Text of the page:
Sekhet lightly leaned against the edge of her stall while she watched the bustle of activity in the marketplace. The last week and a half had been profitable at least and she was looking forward to purchasing herself a nice fish to cook for dinner after she’d managed to sell five pretty pricey talismans.
Her stand sold two main things: talimsans and also a handful of potions, although she sold probably five times as many talismans as she did potions. Those were two skills she had learned while she’d been with the temple of Isis and those skills were at least keeping food on the table as well as allowing her to set a little bit of gold aside before she truly got to go for her dream and leave Khemet, perhaps for good, and explore the wider world at large and see what sort of adventures she might find for herself.
She also was willing to, upon rare request, cast a spell or perform a ritual. Those she hated doing because the last thing she wanted to do was to attract unwanted attention from the priesthood, since the nature of spells she was often asked to perform were typically gotten directly from the temples with the gold being added directly to the high priesthoods coffers.
But, Sekhet sighed, if money was truly tight enough and the buyer was desperate enough to pay what she’d demand then she would cast the spells.
She was drawn from her musings by a gruff voice grumbling, “how much for the luck talisman?” Sekhet straightened up and gazed at the beautiful red amulet she had painstakingly carved from a medium sized piece of Carnelian. The stone was not very easy to come by and very hard to work with but it was great at producing more powerful luck talismans. This talisman in question she had carved into the traditional shape of a lyre.
Sekhet gazed up at the man, “for that talisman I am asking for thirty gold pieces.” Sekhet said. She was willing to shift a little bit on the asking price but not much. She’d worked very hard carving the stone and then pouring the magic into it. In her opinion is was worth every single piece.
The man gave her an appraising look, his beady eyes tracing her up and down before he snorted derisively, clearly he wasn’t impressed with what he’d seen. “For a false talisman created by a shady seller, I think not. I’ll give you five and you should count yourself lucky I’m willing to part with that much gold girl.” The man said.
Sekhet lightly clenched her hand beneath the stall but still forced herself to keep her face calm. She’s seen far to many vendors suffer for months because they’d happened to lose their temper with the wrong customer. “If you truly feel that way sir, then you are welcome to go and purchase a talisman from another stand.” Sekhet said, her voice as sweet as she could make it although she’d love nothing more than to spit in the man’s face.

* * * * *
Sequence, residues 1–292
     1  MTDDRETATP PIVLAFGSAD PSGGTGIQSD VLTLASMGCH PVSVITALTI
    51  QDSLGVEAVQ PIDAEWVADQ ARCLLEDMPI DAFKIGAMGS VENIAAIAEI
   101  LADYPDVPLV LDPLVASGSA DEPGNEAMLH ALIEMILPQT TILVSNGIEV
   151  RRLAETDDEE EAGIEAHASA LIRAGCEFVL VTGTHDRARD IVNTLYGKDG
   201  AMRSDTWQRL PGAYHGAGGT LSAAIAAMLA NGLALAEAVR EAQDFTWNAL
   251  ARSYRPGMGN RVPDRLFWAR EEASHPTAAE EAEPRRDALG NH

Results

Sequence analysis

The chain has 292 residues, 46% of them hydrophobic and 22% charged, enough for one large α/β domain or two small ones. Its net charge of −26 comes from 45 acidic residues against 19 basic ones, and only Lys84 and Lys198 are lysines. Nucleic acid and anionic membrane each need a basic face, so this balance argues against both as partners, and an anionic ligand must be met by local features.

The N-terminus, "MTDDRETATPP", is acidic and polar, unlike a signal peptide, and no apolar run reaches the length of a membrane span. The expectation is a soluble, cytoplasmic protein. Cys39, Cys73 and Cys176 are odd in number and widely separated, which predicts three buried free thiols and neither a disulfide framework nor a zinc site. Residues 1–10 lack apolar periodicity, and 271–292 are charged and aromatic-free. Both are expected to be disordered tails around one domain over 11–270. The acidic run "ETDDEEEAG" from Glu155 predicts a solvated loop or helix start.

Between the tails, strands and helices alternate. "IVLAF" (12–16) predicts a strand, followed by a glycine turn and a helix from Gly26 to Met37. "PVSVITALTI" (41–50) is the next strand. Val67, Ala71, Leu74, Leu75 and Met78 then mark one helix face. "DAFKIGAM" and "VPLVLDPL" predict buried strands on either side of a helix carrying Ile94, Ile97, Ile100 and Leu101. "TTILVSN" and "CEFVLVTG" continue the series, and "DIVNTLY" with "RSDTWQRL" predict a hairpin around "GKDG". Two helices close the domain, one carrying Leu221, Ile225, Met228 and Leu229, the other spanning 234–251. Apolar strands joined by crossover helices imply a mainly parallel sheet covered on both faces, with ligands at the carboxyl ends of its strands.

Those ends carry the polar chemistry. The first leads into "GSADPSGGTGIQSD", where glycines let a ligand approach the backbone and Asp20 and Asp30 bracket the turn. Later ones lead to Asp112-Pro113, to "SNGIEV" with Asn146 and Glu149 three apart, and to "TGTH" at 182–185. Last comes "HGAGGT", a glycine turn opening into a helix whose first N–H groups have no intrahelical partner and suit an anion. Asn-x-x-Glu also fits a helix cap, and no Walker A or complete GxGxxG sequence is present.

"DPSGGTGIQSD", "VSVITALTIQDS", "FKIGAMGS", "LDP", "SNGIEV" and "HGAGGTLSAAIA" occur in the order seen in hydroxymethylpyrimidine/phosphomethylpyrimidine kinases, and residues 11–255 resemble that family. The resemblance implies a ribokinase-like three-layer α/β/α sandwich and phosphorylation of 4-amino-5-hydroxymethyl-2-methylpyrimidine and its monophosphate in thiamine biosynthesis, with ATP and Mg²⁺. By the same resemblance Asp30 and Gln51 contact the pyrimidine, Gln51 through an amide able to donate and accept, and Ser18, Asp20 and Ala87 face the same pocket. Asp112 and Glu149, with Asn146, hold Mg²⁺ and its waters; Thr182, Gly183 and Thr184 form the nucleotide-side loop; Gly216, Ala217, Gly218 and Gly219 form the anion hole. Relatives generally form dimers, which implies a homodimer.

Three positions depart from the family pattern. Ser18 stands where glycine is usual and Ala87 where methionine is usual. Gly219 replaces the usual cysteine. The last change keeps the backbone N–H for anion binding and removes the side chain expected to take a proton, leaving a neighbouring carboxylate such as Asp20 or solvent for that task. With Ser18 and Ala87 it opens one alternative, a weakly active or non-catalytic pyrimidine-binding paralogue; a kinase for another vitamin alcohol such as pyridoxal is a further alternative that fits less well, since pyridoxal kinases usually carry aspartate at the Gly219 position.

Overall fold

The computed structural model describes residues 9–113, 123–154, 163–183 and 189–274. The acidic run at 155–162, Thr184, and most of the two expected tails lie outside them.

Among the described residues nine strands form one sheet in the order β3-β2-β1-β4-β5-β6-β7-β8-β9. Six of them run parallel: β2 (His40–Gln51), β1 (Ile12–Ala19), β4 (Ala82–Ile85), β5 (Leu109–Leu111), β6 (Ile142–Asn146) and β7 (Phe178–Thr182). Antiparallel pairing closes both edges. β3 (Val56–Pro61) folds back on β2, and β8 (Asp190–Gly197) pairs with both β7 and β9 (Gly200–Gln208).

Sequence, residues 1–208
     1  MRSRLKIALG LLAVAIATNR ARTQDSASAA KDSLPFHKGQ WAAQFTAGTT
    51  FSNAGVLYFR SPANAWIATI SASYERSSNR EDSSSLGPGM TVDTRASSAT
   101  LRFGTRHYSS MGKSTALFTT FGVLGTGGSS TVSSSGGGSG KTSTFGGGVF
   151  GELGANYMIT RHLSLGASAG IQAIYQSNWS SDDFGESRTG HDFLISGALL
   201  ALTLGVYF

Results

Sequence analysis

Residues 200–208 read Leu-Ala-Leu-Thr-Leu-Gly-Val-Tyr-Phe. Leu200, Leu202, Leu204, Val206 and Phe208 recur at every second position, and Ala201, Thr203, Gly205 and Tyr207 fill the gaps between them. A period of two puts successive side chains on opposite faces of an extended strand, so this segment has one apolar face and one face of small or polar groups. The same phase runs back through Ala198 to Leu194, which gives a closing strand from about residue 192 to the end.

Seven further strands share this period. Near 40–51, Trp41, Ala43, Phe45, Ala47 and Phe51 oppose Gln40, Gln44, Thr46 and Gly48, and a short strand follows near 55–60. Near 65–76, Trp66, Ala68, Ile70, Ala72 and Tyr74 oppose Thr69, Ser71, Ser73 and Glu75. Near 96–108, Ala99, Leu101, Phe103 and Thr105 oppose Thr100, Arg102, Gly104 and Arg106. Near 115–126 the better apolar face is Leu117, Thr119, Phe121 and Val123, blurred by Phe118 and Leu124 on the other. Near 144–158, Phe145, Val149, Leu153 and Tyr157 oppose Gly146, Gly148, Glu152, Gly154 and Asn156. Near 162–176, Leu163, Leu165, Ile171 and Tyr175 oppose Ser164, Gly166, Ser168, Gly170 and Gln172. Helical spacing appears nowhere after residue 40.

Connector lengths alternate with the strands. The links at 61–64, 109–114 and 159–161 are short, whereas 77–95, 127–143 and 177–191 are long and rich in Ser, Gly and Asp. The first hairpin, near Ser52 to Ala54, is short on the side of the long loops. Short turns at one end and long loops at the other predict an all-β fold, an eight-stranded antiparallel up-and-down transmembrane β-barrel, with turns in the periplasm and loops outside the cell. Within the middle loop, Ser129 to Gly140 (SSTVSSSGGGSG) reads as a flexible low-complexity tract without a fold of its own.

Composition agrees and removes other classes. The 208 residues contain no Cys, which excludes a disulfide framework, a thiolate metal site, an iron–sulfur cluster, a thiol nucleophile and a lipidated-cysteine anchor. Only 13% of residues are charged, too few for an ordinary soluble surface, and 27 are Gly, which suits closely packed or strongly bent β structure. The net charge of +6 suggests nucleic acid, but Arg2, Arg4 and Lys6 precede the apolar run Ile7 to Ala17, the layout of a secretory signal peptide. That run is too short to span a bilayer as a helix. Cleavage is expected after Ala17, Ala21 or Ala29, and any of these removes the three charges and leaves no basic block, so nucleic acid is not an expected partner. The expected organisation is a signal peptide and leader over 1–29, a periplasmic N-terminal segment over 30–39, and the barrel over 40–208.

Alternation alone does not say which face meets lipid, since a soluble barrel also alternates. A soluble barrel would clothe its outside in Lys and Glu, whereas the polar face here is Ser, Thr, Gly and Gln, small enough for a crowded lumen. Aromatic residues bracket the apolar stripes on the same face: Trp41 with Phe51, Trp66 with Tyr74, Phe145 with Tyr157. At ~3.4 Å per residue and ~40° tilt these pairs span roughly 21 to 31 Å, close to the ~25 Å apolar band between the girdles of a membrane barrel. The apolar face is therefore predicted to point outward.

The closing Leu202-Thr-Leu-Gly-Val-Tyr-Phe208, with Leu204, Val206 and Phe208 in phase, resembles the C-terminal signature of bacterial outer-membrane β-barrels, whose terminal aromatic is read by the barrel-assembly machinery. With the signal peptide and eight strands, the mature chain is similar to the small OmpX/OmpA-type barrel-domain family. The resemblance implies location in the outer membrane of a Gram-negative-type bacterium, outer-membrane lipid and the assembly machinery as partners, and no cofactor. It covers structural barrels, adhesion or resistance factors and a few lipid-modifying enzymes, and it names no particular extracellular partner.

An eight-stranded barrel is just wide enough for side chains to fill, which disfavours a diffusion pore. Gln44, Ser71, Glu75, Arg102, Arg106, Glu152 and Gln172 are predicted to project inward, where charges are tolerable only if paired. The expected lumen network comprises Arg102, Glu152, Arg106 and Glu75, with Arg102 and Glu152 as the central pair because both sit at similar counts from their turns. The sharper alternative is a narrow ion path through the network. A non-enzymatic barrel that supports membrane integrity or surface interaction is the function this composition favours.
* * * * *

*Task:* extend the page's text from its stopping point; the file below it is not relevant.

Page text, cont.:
The man leaned forward so that his face was only a matter of inches away from her own as he growled at her, “And with that attitude I’ve dropped my offer to 3 gold. Are you still going to give me an argument or did the gods gift you with a brain but not the intelligence to know when to close your mouth?” He snarled, spittle flying from his lips as he spoke.
Sekhet was torn between the desire to lean away from the vile man and to stand her ground. If she’d lean away from him she’d be giving the impression that she was cowed by his repulsive behavior. However, standing her ground would no doubt get her spat on some more. “I’ll have you know sir, that I have more than enough sense for when to hold my tongue. Sense that you yourself don’t seem to possess. Now, as the one who personally carved and powered that talisman I stand by my offered price. You can either pay what I demand or you can leave. The choice is yours.” Sekhet said back, again striving to keep her voice as calm as she could manage. Out of the corner of her eye she could see that the man’s tantrum had already begun to attract some attention.
The man snorted, “Foolish girl.” As he swiped out with his left hand, clearly aiming to strike Sekhet. “And just for that I’ll take this talisman and you won’t get a single gold piece from me.” The man hissed.
Sekhet’s head snapped to the side as the man’s hand collided with her cheek. She was about to open her mouth to retort when another voice beat her to it.
“Forgive me for intruding but I cannot help but wonder when it became common practice to assault a vendor within the market?” Sekhet and the man both turned to see who was intervening in their conflict and Sekhet could not help but gape in shock. It was the Prince!
The man snorted, “She is not an honest vendor. She is nothing but a swindler demanding thirty gold for this worthless trinket. I was being generous with an offer of five and only that much because the stone she used was pretty. And she dared to reject such a generous offer. She’ll be getting nothing from me and I’m taking this trinket for my troubles.” The man declared.
Merneptah rose a brow as he gazed at the man, “If the trinket is so worthless then why do you still want it? The merchant rejected your most generous offer. The polite thing to do would be to move on. Not to stand here and not only insult the merchants work to their face but to strike her as well.” Merneptah growled.